Therefore, if supply is up, shouldn't the price be going down?

All of the analysts surveyed by Bloomberg expect today's Energy Department report to show a crude-oil inventory increase. Stockpiles held 314.7 million barrels in last week's report, 9 percent more than a year earlier. Supplies have risen in the department's last seven reports. The report may prompt oil to fall, Excel's Waggoner said.

I thought so! How much is it going to go down, then?

"We're going to see it come back to $54 and maybe the high $53s, at best," before rising again after the department's report, he said.

So this is only a temporary reprieve, is that it?

Any price decline will end by the third quarter, when oil will reach $60 a barrel, BP Capital's Pickens said in an interview. Demand typically rises late in the year as refiners prepare heating fuels for winter. "By the time you get to the fourth quarter it's going to be a very, very tight oil market."

But OPEC is pumping more oil than ever!

OPEC last month said it may strain to supply the 30.3 million barrels a day that may be needed from the group in the fourth quarter. In October, OPEC's members pumped 30.54 million barrels a day, the most since December 1979, based on Energy Department records.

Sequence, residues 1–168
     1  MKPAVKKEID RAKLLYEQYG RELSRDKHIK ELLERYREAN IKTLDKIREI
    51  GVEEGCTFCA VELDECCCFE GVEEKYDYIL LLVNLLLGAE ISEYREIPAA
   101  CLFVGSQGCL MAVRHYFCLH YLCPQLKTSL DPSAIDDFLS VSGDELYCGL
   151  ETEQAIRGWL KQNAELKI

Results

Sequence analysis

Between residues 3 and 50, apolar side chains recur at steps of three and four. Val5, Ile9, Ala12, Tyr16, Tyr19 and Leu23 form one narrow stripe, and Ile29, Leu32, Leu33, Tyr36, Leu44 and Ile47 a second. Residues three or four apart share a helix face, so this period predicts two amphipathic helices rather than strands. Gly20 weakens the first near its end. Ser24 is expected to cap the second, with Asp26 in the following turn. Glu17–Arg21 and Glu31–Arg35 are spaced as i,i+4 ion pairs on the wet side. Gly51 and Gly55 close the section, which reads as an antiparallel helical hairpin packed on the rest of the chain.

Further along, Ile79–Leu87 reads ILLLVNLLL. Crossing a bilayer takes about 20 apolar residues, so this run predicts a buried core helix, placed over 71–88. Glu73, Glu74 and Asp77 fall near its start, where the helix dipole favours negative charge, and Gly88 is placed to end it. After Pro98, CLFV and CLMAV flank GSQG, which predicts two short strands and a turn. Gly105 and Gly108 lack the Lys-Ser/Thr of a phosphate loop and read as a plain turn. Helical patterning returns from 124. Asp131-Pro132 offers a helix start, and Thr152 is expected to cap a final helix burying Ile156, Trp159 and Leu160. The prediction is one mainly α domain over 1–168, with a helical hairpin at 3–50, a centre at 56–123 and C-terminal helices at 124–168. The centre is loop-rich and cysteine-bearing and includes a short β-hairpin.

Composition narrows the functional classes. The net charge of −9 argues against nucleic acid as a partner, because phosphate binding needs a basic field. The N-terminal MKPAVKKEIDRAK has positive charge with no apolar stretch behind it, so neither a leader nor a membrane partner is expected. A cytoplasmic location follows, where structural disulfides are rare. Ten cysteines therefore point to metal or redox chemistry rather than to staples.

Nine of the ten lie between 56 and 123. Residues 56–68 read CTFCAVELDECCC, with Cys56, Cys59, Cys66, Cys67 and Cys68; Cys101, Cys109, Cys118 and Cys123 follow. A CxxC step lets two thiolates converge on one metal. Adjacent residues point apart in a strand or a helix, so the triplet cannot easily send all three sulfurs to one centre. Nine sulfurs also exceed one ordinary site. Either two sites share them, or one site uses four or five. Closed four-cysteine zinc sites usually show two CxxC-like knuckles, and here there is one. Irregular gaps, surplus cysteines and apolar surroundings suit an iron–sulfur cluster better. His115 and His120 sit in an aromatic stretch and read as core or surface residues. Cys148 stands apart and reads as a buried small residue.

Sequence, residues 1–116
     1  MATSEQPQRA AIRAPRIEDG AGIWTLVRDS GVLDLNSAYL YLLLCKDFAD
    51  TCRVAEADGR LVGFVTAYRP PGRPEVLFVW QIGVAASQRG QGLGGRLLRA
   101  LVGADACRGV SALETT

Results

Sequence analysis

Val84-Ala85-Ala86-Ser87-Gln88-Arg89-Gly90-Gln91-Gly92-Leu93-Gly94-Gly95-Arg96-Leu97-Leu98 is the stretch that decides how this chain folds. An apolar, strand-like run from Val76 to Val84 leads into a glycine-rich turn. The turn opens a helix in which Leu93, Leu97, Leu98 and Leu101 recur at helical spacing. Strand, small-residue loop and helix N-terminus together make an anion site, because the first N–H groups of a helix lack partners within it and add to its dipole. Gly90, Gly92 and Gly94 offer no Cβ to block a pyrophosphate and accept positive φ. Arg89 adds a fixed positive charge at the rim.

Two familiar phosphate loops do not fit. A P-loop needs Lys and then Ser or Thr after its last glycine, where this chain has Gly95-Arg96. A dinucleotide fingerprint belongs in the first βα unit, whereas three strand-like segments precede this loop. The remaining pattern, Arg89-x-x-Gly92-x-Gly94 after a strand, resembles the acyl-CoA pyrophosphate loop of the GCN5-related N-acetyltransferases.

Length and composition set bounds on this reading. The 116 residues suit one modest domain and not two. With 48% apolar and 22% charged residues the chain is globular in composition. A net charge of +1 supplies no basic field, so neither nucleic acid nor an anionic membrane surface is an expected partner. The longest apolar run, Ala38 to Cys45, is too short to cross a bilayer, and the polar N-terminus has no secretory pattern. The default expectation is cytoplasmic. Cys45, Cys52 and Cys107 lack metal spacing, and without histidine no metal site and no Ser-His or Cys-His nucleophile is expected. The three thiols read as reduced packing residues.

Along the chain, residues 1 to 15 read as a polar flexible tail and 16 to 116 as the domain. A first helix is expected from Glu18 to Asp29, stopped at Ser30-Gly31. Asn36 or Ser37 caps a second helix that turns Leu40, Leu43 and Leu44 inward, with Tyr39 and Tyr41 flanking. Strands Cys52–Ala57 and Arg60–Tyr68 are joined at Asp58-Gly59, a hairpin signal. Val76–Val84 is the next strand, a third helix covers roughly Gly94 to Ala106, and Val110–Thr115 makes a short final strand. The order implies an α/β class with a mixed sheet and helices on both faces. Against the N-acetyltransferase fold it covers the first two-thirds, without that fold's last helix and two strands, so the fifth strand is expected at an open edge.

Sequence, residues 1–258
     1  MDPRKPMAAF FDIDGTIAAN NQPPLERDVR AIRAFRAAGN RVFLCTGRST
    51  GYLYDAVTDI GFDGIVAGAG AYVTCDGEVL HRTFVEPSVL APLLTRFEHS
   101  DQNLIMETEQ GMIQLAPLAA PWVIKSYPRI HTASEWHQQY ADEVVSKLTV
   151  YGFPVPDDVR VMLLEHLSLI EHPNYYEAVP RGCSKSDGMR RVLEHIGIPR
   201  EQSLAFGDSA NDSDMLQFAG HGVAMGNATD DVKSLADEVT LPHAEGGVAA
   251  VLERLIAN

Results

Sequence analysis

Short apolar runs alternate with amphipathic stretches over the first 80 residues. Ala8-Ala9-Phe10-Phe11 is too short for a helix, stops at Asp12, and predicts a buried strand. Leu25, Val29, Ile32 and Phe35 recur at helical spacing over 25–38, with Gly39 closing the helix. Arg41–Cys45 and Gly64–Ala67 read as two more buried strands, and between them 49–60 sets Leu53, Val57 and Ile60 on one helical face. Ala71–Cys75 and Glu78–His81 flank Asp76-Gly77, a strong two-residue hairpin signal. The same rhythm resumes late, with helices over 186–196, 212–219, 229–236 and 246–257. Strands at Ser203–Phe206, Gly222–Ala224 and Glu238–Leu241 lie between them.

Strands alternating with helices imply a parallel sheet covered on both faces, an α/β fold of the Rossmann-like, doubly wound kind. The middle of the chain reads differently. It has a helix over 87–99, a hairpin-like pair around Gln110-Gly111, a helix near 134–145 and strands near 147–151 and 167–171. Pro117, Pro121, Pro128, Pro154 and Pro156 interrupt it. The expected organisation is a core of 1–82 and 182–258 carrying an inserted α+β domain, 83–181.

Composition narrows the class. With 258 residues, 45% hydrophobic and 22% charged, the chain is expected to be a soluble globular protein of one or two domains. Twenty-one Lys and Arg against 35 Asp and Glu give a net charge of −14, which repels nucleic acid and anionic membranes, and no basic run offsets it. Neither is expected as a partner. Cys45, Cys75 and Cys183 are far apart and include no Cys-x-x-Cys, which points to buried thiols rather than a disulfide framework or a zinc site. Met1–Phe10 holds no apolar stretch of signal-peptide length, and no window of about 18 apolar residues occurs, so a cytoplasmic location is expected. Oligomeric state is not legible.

If this oil isn't really going to be needed until the fourth quarter and inventories are rising, where is this oil going???

The U.S. government has added an average 1 million barrels a week to the reserve this year to meet President George W. Bush's goal of raising the strategic stockpile to its 700 million-barrel capacity. At that rate the reserve, which held 686.2 million barrels at March 25, could be filled by July.

Ah-HA! The plot thickens! What's behind this strategy?

Rising demand is likely to keep oil between $50 and $60 for the remainder of the year, Excel's Waggoner said.

So this means that King George is adding to his private oil bank and keeping up the prices for the rest of us??? What's that going to mean?

Prices may fall outside that band if OPEC maintains its higher levels of production once the U.S. government stops adding oil to the country's Strategic Petroleum Reserve. "The market is going to tank after that," Waggoner said.

We're paying more just so George can stock the store?

That damn gas better be back down to 75 cents a gallon when he's done packing his piggy bank!


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pessimist :: 10:57 AM :: Comments (27) :: Digg It!